“It’s simple, Paul. I fell out of love with him. The high was no longer there. He quit making me giddy and dizzy and excited, and I would go home and not even look forward to seeing him.”
“Harriet”, I said in measured words, “Those kinds of feelings inevitably pass within six months to a couple years at most. You simply cannot expect them to last forever.”
“No!”, she spoke in abrupt denial, “No! That can’t be true! There would be no point to love!” And she was just as emphatic and emotional in her denial as any fundamentalist told her god did not exist.
It was then I realized Harriet was much more in love with her feelings than with her lovers.
I don’t want to give the impression I simply blamed her for that. It’s true enough I was annoyed with her at first. But on reflection I discovered that was only because I had such high expectations for her. Actually, I wasn’t really annoyed with her — I was upset because of the setback to my hopes for her. Once I got that bit of emotional confusion out of the way I discovered myself feeling compassion for her.
It seemed obvious to me then the real problem was Harriet hadn’t yet met too many people she could profoundly connect to. To put things in cold perspective, Harriet is brilliant, gifted, and creative. Frankly, there are not many people in her category, so to speak. Most of us are fortunate to be more mediocre than her in our intelligence, gifts, and creativity. Consequently, we are much more likely than Harriet to encounter people with whom we can experience a deep and rich connection. Harriet’s truly Great Loves, on the other hand, are almost certain to be few and far between — at best.
It seems always easy to fall in love with our pleasurable feelings. But I think that tendency is heightened tremendously if we have not yet found an authentic mate for us. In the absence of that deep and rich — sometimes mystical — connection with another person, our own feelings can become “the best game in town”. That, I suspect, is what happened with Harriet.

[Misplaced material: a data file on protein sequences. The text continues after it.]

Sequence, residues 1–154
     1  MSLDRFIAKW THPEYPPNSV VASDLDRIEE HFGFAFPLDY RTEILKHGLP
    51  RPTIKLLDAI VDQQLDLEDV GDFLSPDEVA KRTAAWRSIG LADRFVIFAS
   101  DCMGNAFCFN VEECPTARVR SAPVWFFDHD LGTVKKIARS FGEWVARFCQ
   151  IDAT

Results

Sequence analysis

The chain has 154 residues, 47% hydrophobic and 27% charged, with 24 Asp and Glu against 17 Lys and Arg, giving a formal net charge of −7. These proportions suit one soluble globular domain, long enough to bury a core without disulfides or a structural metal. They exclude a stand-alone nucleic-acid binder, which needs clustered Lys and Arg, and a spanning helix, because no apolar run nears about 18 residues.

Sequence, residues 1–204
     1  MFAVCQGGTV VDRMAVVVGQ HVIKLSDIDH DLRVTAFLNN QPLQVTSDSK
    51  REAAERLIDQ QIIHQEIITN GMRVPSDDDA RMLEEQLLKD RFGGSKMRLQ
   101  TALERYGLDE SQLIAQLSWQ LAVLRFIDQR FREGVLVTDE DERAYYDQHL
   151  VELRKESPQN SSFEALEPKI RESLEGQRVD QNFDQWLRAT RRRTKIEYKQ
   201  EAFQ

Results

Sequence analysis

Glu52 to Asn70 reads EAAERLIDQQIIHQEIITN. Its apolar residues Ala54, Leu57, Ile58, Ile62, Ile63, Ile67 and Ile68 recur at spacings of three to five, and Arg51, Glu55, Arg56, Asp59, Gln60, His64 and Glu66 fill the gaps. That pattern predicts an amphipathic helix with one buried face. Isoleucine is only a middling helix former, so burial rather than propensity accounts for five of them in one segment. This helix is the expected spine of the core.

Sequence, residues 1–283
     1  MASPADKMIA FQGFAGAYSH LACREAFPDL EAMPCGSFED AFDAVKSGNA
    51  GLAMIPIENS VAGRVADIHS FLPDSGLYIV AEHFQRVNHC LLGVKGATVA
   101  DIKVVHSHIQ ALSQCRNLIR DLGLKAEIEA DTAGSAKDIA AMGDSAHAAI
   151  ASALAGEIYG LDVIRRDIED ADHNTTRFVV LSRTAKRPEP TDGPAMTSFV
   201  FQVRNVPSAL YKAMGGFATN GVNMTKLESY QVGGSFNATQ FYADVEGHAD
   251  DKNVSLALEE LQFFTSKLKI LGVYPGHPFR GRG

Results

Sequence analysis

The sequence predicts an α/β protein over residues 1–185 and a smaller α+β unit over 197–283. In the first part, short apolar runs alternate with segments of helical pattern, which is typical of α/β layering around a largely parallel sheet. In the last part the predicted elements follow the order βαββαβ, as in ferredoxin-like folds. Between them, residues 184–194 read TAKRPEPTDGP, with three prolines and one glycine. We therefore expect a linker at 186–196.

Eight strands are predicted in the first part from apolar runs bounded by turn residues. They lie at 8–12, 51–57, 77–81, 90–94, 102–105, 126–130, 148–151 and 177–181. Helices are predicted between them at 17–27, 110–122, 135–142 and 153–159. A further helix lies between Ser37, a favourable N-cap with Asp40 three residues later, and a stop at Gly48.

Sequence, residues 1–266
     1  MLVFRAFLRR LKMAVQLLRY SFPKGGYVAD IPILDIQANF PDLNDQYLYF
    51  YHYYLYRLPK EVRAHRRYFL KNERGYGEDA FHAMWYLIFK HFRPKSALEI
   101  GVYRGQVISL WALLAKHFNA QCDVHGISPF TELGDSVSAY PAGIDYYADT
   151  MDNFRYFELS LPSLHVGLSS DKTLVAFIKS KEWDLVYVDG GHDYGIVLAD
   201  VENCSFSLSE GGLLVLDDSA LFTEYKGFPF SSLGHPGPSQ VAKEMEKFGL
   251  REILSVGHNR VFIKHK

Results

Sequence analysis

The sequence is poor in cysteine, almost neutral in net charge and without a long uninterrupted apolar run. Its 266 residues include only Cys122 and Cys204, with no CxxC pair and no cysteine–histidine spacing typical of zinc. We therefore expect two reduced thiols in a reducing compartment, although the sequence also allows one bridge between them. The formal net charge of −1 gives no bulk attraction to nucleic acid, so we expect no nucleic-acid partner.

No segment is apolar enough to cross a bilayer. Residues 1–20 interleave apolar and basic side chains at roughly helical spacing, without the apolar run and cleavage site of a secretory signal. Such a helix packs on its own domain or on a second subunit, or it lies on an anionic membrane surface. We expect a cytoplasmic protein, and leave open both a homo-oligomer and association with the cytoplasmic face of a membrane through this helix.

I was reminded of Harriet the other day as I watched the discussion of romantic love in the internet chat room. For whatever reasons, a profound connection with another person can — and very often does — inspire us to become the best we can be. It can motivate us to, as fully as possible, turn our talents into skills, to be true to ourselves, to become more honest, and to become more gentle, open, and caring — among many other things.
If those things are allowed to take root in us, they can lead to our flourishing, to our greater well-being, and to our greater happiness. I knew as I watched the discussion — or at least I suspected as I watched it — that the participants had experienced that flourishing from their loves. So, I wondered: Why do we focus so much on the mere pleasures of sex and love?
Is it just because the pleasures of sex and love are so obvious — like mountains and movie stars?
Perhaps. Yet, the thought also occurred to me our culture might play a role in fixing what we look at. Despite all the importance sex and love are given in literature, art, film, song, and so forth, it seems the pleasures of those things are put forward much more than any other aspects of them. Maybe, then, when we focus on those pleasures we are — to some extent — merely following along with what our culture has trained us to focus on. And, if that is so, then is it possible to take a fresh look at these matters? Is it possible to see them without preconceptions, with instead the brand new eyes of a child?
If one could do that, what wonders would one see then?